With all the comparisons between Popes Benedict XVI and Celestine V that have been floating around recently, I couldn’t help but take special note of a particular passage from Dante’s “Inferno,” which I’m reading this week as part of my Great Books Project.
In Canto III, Virgil leads Dante through the gates of hell. Immediately Dante notices a large group of people wailing in various languages. When he asks who they are, Virgil replies,
Such is the miserable condition of the sorry souls who lived without infamy and without praise. They are mingled with that base band of angels who were neither rebellious nor faithful to God, but stood apart. The heavens drive them out, so as not to be less beautiful; and deep Hell does not receive them, lest the wicked have some glory over them. . . . These have no hope of death, and their blind life is so abject that they are envious of every other lot. The world does not suffer that report of them shall live. Mercy and justice disdain them. Let us not speak of them, but look, and pass on.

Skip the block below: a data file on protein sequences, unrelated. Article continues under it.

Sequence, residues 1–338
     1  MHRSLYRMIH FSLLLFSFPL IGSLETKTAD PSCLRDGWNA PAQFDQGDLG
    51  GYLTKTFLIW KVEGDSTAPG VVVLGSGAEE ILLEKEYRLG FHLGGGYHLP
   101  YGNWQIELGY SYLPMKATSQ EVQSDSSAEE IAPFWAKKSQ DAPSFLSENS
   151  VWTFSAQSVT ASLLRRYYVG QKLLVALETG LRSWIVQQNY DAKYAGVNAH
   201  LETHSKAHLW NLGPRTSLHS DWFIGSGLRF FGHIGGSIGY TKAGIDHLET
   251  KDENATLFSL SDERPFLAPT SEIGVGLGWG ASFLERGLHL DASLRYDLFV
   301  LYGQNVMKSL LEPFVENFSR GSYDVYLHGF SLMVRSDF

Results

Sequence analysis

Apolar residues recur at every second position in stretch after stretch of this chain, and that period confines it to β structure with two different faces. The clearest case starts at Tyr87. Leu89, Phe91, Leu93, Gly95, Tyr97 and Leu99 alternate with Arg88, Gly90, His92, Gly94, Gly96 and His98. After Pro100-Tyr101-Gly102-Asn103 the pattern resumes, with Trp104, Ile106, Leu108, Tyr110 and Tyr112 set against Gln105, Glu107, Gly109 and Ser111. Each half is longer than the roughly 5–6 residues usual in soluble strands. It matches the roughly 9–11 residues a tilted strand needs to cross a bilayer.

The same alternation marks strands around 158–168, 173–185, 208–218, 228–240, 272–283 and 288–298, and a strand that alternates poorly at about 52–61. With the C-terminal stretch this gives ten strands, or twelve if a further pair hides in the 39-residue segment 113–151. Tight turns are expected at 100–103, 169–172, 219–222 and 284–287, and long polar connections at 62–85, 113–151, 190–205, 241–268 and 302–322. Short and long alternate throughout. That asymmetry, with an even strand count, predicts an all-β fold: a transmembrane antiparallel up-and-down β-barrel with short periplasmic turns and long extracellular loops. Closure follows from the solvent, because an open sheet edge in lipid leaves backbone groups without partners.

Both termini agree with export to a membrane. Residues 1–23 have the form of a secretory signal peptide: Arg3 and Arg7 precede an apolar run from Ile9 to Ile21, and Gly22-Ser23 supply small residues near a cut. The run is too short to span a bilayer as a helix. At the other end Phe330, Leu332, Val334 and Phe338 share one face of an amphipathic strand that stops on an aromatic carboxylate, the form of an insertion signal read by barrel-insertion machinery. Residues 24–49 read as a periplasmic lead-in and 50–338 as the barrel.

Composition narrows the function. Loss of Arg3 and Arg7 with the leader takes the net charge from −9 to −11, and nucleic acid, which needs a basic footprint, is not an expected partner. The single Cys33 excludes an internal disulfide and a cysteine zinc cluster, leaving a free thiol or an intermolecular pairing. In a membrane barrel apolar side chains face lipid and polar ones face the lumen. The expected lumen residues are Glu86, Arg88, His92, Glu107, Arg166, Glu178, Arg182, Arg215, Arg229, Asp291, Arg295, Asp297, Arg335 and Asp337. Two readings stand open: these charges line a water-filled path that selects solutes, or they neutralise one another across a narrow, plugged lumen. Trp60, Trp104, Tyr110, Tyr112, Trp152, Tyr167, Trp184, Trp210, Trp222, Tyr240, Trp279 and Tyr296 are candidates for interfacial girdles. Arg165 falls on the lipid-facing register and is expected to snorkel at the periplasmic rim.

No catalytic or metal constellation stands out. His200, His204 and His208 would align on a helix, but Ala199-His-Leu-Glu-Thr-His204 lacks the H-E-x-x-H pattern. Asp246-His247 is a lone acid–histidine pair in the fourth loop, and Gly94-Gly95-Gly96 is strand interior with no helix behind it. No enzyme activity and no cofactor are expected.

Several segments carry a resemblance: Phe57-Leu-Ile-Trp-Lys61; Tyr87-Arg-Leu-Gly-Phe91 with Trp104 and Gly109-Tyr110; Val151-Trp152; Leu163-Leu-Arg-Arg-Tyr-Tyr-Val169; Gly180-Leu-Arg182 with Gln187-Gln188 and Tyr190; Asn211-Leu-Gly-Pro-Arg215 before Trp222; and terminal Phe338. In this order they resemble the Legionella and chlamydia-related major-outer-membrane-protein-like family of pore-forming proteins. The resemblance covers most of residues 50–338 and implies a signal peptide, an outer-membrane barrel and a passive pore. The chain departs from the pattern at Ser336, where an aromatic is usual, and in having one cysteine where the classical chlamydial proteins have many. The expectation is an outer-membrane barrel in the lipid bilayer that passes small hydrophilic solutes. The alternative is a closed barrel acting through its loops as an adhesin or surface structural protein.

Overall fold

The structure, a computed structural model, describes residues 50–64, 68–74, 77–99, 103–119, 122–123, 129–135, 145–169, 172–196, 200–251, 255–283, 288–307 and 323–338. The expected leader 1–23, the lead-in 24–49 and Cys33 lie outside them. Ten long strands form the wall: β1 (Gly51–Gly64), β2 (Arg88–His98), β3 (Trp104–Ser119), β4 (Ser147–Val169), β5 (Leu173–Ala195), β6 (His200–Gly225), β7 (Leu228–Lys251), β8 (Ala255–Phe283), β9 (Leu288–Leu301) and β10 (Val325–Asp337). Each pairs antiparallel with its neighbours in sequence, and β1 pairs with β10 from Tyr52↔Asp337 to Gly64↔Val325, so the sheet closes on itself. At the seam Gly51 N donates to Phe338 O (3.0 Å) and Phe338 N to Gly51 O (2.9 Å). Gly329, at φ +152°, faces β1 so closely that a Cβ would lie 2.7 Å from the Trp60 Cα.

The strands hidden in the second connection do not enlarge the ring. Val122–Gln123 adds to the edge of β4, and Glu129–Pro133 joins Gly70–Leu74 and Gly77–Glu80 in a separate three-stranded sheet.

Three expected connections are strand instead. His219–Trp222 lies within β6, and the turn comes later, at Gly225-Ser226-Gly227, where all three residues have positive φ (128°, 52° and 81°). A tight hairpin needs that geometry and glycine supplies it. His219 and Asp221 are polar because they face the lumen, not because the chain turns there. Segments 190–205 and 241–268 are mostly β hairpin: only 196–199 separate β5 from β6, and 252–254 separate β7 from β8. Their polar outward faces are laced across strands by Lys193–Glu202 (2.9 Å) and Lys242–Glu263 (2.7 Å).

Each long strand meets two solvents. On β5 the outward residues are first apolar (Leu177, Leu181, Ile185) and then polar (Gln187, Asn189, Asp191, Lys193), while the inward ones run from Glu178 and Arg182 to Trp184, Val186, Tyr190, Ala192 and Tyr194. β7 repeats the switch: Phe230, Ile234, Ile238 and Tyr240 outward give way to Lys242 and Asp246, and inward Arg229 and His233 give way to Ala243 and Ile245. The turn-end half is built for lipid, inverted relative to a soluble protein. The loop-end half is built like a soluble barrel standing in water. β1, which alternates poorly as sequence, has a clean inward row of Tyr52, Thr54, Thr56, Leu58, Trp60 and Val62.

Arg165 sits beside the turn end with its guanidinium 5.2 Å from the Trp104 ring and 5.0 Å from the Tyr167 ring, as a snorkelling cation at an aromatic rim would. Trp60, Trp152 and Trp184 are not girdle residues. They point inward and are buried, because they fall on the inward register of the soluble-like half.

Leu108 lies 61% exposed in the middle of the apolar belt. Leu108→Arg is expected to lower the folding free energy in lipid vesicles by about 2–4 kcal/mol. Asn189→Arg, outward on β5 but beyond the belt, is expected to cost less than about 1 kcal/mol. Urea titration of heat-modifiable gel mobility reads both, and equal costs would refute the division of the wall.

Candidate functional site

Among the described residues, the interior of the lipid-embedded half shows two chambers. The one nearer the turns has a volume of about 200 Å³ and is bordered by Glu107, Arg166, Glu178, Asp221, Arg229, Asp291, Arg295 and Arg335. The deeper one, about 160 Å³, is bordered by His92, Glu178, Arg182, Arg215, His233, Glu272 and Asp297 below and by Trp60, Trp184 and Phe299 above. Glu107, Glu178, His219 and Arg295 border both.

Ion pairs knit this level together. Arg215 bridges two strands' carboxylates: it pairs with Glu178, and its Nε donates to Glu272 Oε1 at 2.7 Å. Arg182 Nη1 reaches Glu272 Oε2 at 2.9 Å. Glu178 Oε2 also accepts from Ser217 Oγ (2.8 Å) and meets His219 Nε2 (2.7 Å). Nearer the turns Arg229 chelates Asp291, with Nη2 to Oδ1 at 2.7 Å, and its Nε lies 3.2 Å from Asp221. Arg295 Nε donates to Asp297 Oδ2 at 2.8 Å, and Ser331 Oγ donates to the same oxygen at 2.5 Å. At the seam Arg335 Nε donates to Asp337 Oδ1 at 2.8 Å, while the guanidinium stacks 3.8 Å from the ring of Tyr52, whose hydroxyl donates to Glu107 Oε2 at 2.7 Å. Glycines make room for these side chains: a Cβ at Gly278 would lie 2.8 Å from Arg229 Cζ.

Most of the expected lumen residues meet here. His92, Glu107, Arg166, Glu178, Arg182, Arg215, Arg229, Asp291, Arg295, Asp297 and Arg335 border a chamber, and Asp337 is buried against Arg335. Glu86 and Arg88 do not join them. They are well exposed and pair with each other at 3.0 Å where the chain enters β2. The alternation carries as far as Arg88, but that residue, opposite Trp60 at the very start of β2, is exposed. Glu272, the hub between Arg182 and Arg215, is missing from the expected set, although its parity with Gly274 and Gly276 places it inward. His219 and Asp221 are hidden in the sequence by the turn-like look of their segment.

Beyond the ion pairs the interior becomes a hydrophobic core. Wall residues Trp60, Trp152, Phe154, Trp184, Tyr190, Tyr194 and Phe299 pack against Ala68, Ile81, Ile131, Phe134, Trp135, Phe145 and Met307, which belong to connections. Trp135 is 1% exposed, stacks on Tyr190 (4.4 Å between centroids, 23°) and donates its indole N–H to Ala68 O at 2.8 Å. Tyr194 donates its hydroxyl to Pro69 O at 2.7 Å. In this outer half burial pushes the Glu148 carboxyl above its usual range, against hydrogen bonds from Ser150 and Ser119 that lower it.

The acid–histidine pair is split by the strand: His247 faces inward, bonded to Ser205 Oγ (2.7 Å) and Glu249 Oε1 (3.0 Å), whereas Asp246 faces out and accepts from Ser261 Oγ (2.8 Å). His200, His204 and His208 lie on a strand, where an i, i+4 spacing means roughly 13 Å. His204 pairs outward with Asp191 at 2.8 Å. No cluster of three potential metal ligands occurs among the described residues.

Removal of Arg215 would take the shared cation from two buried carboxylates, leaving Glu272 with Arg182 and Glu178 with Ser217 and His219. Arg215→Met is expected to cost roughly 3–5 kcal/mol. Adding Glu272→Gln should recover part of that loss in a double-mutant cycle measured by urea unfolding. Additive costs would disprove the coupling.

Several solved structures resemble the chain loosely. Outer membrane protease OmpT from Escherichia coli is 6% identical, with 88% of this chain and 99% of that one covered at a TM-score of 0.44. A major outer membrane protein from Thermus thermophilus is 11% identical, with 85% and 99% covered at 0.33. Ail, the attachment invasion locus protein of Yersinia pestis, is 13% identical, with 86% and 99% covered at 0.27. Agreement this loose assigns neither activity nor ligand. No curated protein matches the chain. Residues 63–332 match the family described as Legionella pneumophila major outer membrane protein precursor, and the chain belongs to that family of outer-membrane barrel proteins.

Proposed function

Dante continues to look at the huge procession of people. He claims to recognize some of them, and then he writes, “I saw and knew the shade of him who from cowardice made the great refusal.”
What does this have to do with popes? Dante does not give any further explanation in the text, but a footnote explains that early commentators all identified this character as Celestine V! If that’s true, then Dante and his contemporaries viewed “the pope who quit” as a big chicken who deserved to remain nameless throughout history. That’s quite a contrast to the modern authors who tend to laud him as being someone too pure for the corrupt church of his time or something of that sort.